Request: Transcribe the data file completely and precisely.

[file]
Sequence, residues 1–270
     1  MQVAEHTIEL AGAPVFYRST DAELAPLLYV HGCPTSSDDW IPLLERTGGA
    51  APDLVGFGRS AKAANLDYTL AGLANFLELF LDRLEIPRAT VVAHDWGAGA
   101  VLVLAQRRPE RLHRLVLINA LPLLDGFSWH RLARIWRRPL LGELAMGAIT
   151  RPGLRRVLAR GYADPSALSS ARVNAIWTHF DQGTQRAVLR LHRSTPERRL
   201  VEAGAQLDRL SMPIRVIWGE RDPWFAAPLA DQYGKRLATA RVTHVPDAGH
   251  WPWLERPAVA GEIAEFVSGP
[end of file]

Sequence, residues 1–270
     1  MQVAEHTIEL AGAPVFYRST DAELAPLLYV HGCPTSSDDW IPLLERTGGA
    51  APDLVGFGRS AKAANLDYTL AGLANFLELF LDRLEIPRAT VVAHDWGAGA
   101  VLVLAQRRPE RLHRLVLINA LPLLDGFSWH RLARIWRRPL LGELAMGAIT
   151  RPGLRRVLAR GYADPSALSS ARVNAIWTHF DQGTQRAVLR LHRSTPERRL
   201  VEAGAQLDRL SMPIRVIWGE RDPWFAAPLA DQYGKRLATA RVTHVPDAGH
   251  WPWLERPAVA GEIAEFVSGP